· norm of a vector
B t open ball in R n of radius t
B open unit ball in R n
B 3 open unit ball in R 3
P orthogonal complement in a vector space
D e 3 plane that passes through the origin and is perpendicular to the North Pole
U PV addition
π r right canonical projection
P G a right coset of P G with representative a
( G / P G , r ) right coset space of G
P r right orthogonal gyroprojector associated with P G P G
Q r right orthogonal gyroprojector associated with P G P G
scalar multiplication in a gyrovector space
L e 3 straight line that passes through the origin and the North Pole
E t t-Einstein addition
M t t-Möbius addition

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Figure 1. (a) Plot of μ 1 ( u , v ) v with u , v < 1 ; (b) plot of μ 2 ( v , u ) v with u , v < 1 , for the Einstein gyrogroup.
Figure 1. (a) Plot of μ 1 ( u , v ) v with u , v < 1 ; (b) plot of μ 2 ( v , u ) v with u , v < 1 , for the Einstein gyrogroup.
Symmetry 12 00941 g001
Figure 2. (a) Left cosets ( B 3 / D e 3 B 3 , ) = { v E D e 3 B 3 , v L e 3 B 3 } ; (b) gyrolines in the Einstein gyrovector plane (projection in the x z -plane of left cosets); (c) right cosets ( B 3 / D e 3 B 3 , r ) = { D e 3 B 3 E u , u L e 3 B 3 } ; (d) Cogyrolines in the Einstein gyrovector plane (projection in the x z -plane of right cosets).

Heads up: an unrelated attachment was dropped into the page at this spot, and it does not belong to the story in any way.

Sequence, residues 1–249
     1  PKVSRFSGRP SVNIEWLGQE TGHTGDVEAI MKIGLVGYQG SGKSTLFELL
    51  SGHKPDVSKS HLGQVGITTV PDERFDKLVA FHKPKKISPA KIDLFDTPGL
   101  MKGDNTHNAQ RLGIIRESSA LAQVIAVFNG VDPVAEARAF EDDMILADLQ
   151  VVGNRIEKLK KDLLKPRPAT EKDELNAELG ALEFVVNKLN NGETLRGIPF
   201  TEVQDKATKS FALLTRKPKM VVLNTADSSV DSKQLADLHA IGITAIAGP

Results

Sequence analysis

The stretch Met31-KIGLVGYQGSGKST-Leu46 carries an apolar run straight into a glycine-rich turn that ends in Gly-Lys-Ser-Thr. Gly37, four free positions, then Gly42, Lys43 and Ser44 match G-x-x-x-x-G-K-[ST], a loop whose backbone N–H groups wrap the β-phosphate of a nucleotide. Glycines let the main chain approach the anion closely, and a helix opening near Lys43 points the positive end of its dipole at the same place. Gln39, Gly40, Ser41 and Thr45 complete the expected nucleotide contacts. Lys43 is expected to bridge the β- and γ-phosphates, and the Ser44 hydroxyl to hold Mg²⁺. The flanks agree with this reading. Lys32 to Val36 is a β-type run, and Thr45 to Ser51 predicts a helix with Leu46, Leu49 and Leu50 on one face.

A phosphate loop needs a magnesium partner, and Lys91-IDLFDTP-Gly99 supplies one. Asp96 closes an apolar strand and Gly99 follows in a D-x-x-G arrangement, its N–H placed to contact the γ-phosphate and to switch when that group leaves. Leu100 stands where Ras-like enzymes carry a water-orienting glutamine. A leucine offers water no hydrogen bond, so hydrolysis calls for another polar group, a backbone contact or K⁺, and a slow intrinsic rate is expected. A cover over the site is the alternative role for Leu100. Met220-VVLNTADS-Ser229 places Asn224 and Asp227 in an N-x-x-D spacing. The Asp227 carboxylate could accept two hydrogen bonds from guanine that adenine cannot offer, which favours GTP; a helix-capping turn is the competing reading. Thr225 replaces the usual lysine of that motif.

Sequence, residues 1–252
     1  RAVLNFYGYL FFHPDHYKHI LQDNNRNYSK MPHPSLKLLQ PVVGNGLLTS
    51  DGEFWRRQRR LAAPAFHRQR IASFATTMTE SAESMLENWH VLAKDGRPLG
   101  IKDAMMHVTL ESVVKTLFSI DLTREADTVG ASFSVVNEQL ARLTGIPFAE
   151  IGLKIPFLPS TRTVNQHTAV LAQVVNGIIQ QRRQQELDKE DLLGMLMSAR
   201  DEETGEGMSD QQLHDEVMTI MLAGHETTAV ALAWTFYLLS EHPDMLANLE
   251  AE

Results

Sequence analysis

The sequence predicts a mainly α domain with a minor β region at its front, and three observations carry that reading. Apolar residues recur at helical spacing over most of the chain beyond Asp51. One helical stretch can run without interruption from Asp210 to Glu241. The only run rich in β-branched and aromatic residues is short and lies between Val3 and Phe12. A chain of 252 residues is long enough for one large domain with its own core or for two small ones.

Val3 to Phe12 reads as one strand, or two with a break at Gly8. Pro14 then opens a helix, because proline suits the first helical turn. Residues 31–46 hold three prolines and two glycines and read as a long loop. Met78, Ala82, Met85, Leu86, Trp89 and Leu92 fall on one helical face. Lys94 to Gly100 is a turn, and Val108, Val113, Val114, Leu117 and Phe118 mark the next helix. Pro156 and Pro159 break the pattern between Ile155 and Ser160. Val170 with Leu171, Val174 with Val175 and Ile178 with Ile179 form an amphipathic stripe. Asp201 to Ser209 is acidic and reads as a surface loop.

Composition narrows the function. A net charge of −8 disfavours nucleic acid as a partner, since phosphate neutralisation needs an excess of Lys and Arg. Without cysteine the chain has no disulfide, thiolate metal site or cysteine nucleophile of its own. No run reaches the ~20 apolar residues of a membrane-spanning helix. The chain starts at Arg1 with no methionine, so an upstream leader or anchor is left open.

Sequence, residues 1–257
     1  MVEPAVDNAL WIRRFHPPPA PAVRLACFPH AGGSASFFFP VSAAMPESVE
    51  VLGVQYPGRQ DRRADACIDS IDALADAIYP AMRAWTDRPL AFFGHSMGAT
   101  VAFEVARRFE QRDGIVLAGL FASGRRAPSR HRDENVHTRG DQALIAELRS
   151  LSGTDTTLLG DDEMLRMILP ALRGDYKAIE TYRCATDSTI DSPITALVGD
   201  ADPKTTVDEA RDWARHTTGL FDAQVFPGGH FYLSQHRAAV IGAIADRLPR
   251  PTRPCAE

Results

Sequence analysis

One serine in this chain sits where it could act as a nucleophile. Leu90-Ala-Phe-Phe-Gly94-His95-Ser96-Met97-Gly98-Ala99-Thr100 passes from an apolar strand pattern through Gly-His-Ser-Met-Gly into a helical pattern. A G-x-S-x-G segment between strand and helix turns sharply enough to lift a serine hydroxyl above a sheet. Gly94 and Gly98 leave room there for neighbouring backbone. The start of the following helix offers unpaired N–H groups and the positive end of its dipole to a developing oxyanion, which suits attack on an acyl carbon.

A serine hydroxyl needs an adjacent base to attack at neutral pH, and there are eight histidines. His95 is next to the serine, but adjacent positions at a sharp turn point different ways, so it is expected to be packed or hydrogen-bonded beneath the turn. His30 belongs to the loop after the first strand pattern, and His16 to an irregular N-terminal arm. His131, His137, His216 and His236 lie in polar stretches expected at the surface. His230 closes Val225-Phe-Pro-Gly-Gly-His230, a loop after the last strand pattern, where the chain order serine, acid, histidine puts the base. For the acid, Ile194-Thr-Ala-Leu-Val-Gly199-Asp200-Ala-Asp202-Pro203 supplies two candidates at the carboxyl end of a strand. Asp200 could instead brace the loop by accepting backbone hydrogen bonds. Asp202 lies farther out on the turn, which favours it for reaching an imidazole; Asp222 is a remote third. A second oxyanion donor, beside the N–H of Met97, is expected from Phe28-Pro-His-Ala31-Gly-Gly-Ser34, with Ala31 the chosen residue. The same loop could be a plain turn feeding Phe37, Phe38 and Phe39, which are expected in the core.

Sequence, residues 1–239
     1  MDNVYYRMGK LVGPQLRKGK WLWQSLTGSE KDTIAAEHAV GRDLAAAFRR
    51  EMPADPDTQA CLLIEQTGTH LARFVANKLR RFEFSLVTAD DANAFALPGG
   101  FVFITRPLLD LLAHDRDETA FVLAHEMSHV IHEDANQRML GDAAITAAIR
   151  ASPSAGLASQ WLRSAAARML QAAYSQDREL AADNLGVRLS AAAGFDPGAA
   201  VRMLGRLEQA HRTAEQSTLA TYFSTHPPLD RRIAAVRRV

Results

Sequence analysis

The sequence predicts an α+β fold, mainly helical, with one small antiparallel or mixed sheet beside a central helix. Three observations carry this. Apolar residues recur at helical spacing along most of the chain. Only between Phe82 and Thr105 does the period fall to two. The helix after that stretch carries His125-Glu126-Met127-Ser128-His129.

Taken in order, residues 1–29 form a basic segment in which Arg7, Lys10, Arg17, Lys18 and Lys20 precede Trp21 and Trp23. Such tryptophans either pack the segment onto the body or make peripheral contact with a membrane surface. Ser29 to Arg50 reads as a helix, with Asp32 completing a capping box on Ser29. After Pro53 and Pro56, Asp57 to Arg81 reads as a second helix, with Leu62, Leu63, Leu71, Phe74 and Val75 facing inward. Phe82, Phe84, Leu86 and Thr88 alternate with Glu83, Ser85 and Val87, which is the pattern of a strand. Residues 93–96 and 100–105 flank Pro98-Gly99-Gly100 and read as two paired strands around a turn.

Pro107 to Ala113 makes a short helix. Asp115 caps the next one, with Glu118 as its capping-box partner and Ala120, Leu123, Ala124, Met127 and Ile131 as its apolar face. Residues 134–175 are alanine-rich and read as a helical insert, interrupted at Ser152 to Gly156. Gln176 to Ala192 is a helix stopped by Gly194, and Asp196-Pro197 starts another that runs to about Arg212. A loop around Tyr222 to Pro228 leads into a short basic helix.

Figure 2. (a) Left cosets ( B 3 / D e 3 B 3 , ) = { v E D e 3 B 3 , v L e 3 B 3 } ; (b) gyrolines in the Einstein gyrovector plane (projection in the x z -plane of left cosets); (c) right cosets ( B 3 / D e 3 B 3 , r ) = { D e 3 B 3 E u , u L e 3 B 3 } ; (d) Cogyrolines in the Einstein gyrovector plane (projection in the x z -plane of right cosets).
Symmetry 12 00941 g002
Figure 3. (a) Left cosets ( B 3 / L e 3 B 3 , ) = { v E L e 3 B 3 , v D e 3 B 3 } ; (b) Gyrolines in the Einstein gyrovector plane (projection in the x z -plane of left cosets); (c) Right cosets ( B 3 / L e 3 B 3 , r ) = { L e 3 B 3 E v , v D e 3 B 3 } ; (d) Cogyrolines in the Einstein gyrovector plane (projection in the x z -plane of right cosets).
Figure 3. (a) Left cosets